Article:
Only pretribulationalism is able to give full biblical import to the New Testament teaching that the church differs significantly from Israel. The church is said to be a mystery (Eph. 3:1-13) by which Jews and Gentiles are now united into one body in Christ (Eph. 2:11-22). This explains why the church's translation to heaven is never mentioned in any Old Testament passage that deals with the Second Coming after the Tribulation, and why the church is promised deliverance from the time of God's wrath during the Tribulation (1 Thes. 1:9-10; 5:9; Rev. 3:10). The church alone has the promise that all believers will be taken to the Father's house in heaven John 14:1-3) at the translation, and not to the earth as other views would demand.



The Work of the Holy Spirit



Second Thessalonians 2:1-12 discusses a man of lawlessness being held back until a later time. Interpreting the restrainer of evil (2:6) as the indwelling ministry of the Holy Spirit at work through the body of Christ during the current age, supports the pretribulational interpretation. Since "the lawless one" (the beast or anti-Christ) cannot be revealed until the Restrainer (the Holy Spirit) is taken away (2:7-8), the Tribulation cannot occur until the church is removed.



PRACTICAL IMPLICATIONS



Like all aspects of biblical doctrine, teaching on the Rapture has a practical dimension. Dr. Renald Showers has summarized some of the practical implications of the pre-trib Rapture.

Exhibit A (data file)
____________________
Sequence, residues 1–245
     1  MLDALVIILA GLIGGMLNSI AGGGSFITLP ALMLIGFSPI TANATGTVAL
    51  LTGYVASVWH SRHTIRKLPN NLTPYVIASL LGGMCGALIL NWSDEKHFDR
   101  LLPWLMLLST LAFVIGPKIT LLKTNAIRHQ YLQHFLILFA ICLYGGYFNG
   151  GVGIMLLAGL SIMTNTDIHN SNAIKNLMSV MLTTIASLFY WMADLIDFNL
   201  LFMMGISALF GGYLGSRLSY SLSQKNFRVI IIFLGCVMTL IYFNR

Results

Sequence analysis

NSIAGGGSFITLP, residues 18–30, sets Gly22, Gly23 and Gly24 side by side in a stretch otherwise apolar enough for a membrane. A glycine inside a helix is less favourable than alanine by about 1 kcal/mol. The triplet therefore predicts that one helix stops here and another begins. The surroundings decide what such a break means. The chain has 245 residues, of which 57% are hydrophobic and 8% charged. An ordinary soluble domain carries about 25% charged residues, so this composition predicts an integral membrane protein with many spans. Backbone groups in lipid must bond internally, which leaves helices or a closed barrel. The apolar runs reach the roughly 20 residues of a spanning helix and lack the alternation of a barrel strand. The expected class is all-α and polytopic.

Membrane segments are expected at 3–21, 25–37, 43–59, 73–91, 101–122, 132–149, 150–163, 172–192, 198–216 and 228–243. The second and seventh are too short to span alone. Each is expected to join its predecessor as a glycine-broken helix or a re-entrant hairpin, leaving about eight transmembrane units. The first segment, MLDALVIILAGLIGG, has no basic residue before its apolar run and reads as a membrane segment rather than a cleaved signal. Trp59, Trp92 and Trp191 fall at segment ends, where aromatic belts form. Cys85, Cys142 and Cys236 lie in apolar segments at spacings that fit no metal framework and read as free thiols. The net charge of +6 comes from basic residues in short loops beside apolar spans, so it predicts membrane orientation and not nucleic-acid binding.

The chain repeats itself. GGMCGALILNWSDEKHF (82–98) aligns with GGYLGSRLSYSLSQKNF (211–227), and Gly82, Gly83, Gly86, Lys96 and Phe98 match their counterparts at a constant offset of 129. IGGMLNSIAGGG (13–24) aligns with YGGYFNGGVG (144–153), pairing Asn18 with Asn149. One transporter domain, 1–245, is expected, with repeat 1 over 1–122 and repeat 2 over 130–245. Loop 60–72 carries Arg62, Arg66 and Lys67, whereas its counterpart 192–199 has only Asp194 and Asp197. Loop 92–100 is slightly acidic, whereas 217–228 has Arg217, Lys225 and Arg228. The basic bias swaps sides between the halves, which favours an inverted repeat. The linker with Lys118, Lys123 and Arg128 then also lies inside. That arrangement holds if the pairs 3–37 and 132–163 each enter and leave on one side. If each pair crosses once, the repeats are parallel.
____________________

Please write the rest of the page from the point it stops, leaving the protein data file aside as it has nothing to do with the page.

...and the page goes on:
The fact that the glorified, holy Son of God could step through the door of heaven at any moment is intended by God to be the most pressing, incessant motivation for holy living and aggressive ministry (including missions, evangelism and Bible teaching) and the greatest cure for lethargy and apathy. It should make a major difference in every Christian's values, actions, priorities and goals.[10]



As John writes, " Everyone who has this hope fixed on Him purifies himself, just as He is pure" (1 John 3:3). Our Rapture hope is said to urge a watchfulness for Christ Himself (1 Cor. 15:58); to encourage faithfulness in church leaders (2 Tim. 4:1-5); to encourage patient waiting (1 Thes. 1:10); to result in expectation and looking (Phil. 3:20; Titus 2:13; Heb. 9:28); to promote godly moderation (Phil. 4:5); to excite " heavenlymindedness" (Col. 3:1-4); to bring forth successful labor (1 Thes. 2:19-20); to experience comfort (1 Thes. 4:18); to urge steadfastness (2 Thes. 2:1-2; 1 Tim. 6:14; 1 Peter 5:4); to infuse diligence and activity (2 Tim. 4:1-8); to promote mortification of the flesh (Col. 3:4-5; Titus 2:12-13); to require soberness (1 Thes. 5:6; 1 Peter 1:13); to contribute to an abiding with Christ (1 John 2:28; 3:2); to support patience under trial James 5:7-8); and to enforce obedience (2 Tim. 4:1).